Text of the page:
IN: Reviews

Collage Outs Three Works and Reprises One


Lighthearted and spirited moods dominated Collage New Music’s concert of three world premieres (semi-centennial commissions), one Boston premiere, and one repeat from 30 years ago at Killian Hall yesterday.

Lingbo Ma’s (b. 1996), Elusive Wish led off. The native of China, now a doctoral candidate at NEC and this year’s Collage Fellow, described the piece as sectional, beginning and ending with “a repeated-note idea that sounds rather mechanical,” but this F-sharp piano drip soon expanded into a rocking berceuse, and these two basic ideas framed the piece as a whole, end as well as beginning. Recurrent bell-like chords, over a plucked ostinato beat, formed a widely spaced sonority with near-diatonic harmony that was elegantly punctuated with isolated notes, and sonorously attractive. “I intentionally left the music open ended,” but what it sounded like, at the end, was a well-wrought closure.

Where Do You See Yourself in 5 Years?, which Eric Moe (b. 1954) framed in terms of “the difference between contemporary reality and the neoliberal imaginarium,” came across as a more overtly sectional, whimsical work, the sections set off by taped “phrases of actual corporate interview questions,” such as “What benefits are you hoping for?” and “What are your expectations?” Jazz piano fragments, tick-tock woodblocks, creepy upward-moving scale figurations, and often a demonstrable D minor tonality in chords, piano and mallet instruments, expostulated fast and loud 6/8 patterns, even with a burst from a Flexatone.

Shawn Okpebholo (b. 1981), the evening’s only absent composer was represented by CryptOlogiE (2014). This medley of soggetti cavati about his wife and daughters incorporated: “…a serial pitch set of our birthdays…; a Morse code rhythm… and repeated ostinati …(C, D, E)… energetic, sweet, and methodical.” Drumming inside the piano, slapping cello, flutter-lips in the flute, and a startling gong effect when four players stood and moved into the piano with their fists, offset the steady E in semiquavers. The recirculation of the named pitch-classes brought a nice-sounding A minor – C major loosely together.

Rodney Lister’s (b. 1951) The Four Seasons, completed this year, works on a larger and heavier scale, claiming as important sources of inspiration an environmental gallery work of the same title by David Hockney, and Georges Perec’s La vie: mode d’emploi, a major offering from OuLiPo. Humpty Dumpty’s seasonal song from “Alice in Wonderland” serves as an epigraph. Beginning with Winter, with bowed cymbal, a flute solo, bell chords in the piano with vibraphone, string harmonics, and whole-tone chords in a close texture, the piece progressed to more elaborate contrapuntal bursts and polyrhythms, with an abundance of high notes (Spring), col legno strings, a punctuating marimba, and witty Alberti bass patterns (Summer), concluding with a delicate assembly of flute, cello harmonics, and vibraphone. Some of these textures were difficult to disentangle aurally, but the sensitive sense of color was always apparent, especially “In Autumn, when the leaves are brown…”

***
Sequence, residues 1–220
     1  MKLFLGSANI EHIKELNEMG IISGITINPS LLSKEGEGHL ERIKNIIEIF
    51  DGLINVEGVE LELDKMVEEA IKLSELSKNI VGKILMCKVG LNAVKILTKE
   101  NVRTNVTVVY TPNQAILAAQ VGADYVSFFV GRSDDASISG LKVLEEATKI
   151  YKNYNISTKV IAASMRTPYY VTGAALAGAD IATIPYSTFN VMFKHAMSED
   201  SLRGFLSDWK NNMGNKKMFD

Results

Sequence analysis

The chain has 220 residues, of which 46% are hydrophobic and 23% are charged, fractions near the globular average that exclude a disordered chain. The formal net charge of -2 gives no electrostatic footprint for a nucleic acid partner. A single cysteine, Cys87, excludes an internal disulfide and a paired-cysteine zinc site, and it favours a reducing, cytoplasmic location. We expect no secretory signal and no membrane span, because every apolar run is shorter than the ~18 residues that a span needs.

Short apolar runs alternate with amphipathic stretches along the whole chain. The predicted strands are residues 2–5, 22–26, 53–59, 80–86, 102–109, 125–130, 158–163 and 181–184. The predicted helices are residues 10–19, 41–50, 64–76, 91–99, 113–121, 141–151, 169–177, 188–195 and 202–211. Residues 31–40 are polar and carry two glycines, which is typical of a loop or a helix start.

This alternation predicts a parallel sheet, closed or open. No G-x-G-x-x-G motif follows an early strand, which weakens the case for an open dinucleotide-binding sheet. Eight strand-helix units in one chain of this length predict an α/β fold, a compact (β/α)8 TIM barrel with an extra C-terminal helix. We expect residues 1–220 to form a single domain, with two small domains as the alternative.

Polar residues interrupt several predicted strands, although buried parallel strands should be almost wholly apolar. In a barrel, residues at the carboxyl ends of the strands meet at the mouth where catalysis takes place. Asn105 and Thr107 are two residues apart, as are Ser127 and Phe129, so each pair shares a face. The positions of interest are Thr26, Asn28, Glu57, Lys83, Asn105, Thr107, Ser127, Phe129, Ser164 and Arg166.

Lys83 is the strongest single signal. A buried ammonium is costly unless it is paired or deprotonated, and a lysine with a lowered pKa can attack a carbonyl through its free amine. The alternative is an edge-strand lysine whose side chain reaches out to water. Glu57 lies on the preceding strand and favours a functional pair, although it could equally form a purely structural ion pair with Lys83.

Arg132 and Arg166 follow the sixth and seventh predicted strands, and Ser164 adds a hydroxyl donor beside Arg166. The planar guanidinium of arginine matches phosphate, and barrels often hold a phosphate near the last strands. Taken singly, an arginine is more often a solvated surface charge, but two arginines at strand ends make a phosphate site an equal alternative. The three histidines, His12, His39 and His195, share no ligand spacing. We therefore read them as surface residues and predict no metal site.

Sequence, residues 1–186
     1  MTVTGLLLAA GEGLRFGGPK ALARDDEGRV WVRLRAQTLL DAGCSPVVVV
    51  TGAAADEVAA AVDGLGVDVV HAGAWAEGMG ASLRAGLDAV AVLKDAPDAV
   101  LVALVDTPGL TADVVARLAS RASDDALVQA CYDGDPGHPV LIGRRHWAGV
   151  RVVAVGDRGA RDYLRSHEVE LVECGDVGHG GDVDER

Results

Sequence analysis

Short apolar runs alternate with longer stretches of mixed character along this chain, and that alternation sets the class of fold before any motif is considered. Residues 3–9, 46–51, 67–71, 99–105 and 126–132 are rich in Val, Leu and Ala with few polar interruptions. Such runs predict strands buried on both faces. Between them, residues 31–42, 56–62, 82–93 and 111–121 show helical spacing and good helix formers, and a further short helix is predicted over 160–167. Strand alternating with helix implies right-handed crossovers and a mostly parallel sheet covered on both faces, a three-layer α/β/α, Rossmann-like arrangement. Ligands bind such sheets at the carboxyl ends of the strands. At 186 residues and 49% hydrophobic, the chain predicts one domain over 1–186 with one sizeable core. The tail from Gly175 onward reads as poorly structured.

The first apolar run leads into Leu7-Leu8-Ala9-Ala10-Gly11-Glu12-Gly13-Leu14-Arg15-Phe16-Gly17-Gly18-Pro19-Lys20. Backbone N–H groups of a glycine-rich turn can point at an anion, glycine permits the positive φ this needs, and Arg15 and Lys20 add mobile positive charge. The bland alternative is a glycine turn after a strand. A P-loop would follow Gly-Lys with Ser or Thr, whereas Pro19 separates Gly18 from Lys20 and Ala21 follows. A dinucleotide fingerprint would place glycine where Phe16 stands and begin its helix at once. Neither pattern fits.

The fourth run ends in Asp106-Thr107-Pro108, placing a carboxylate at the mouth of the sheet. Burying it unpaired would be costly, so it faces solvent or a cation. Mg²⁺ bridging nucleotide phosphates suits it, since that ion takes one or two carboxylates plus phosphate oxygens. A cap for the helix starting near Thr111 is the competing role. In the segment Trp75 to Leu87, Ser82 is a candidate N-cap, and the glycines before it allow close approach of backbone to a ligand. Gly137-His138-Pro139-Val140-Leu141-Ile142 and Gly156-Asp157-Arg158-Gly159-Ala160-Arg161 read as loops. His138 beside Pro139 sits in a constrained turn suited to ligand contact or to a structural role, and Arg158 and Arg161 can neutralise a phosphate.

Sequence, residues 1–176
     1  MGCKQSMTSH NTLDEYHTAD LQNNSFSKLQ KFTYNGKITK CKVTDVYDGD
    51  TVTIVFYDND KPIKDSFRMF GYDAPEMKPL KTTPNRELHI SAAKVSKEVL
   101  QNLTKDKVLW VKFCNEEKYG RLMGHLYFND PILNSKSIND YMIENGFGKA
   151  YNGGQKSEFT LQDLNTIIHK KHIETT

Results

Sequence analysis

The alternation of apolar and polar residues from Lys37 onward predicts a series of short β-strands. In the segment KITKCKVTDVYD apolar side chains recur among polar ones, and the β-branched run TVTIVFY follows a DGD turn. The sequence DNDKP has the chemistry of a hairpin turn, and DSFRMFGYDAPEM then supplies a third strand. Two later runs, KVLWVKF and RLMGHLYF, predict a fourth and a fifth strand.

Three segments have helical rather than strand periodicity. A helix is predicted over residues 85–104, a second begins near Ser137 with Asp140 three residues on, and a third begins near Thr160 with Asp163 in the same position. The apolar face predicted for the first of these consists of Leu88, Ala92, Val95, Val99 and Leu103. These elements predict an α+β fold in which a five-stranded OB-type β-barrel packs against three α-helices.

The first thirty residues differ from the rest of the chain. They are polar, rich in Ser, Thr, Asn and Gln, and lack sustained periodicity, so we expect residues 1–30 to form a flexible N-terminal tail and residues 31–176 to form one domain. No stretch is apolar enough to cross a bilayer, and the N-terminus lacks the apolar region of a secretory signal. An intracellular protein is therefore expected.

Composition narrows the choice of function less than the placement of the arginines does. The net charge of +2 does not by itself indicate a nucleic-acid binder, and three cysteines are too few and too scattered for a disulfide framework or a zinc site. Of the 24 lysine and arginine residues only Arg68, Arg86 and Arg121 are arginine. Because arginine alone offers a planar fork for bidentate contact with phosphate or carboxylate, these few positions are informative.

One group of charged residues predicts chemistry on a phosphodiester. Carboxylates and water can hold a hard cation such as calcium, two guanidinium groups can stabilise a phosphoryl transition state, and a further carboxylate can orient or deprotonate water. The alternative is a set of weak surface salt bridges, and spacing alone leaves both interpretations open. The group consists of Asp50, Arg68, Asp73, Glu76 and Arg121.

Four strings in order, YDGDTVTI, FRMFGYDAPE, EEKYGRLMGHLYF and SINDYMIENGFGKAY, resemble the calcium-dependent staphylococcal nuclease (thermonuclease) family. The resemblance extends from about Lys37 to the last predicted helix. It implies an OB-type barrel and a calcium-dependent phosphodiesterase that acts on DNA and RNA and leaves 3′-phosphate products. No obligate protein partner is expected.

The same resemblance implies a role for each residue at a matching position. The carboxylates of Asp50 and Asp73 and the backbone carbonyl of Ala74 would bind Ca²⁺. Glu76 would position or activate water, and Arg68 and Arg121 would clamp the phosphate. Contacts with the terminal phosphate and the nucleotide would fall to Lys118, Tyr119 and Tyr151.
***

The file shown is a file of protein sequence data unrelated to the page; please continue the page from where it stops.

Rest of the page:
The closer, Tableaux I by Peter Child (b. 1949), was written in 1991 and premiered that year by Collage. “Flight” begins with sharp single-note attacks, then bursts and twitches, that “coalesce little by little into brisk melodic patterns and, eventually, into a vigorous contrapuntal melee” in very fast 6/8 galloping trochees. “Elegy — in time of war” (presumably the Serbian war in 1991) is ruminative, “inward and elegiac in tone,” with an abundance of sighing melodies, clarinet/flute, a warm alto flute/cello, various soli, and a middle section with scraped piano, heavy chords in a chorale with chimes and cymbal and even a snare drum; finally alto flute/cello once again, with wind chords. “Diddle-ee dee” is “a cheerful, jazzy, extroverted scherzo,” beginning with alto flute and bongos, a boisterous theme, and a lot of unison writing, with the players shouting “Diddle-ee dee” at the end, and everyone smiling.

This extroverted concert brought together this year’s foundational ensemble: Heather Braun, violin; Christopher Oldfather, piano; Jan Müller-Szeraws, cello; Linda Toote, flutes; Alexis Lanz, clarinets; and, substituting for the loyal Craig McNutt, percussionist Michael Weinfield-Zell, who worked expertly and unruffled in a program that gave him an unusually large and varied role. David Hoose controlled everything with his usual care and attention to detail, and emceed the pre-concert talk with four composers present. The well-printed 28-page booklet also urges us to look forward to next season’s (no. 51) offerings of four concerts, which will include no fewer than seven pieces advertised as “NEW WORK,” by seven different composers.

Mark DeVoto, musicologist and composer, is an expert on the music of Alban Berg, Debussy, and other early 20th-century composers. A graduate of Harvard College (1961) and Princeton (Ph.D., 1967), he has published on many music subjects, and edited the revised fourth (1978) and fifth (1987) editions of Harmony by his teacher Walter Piston.

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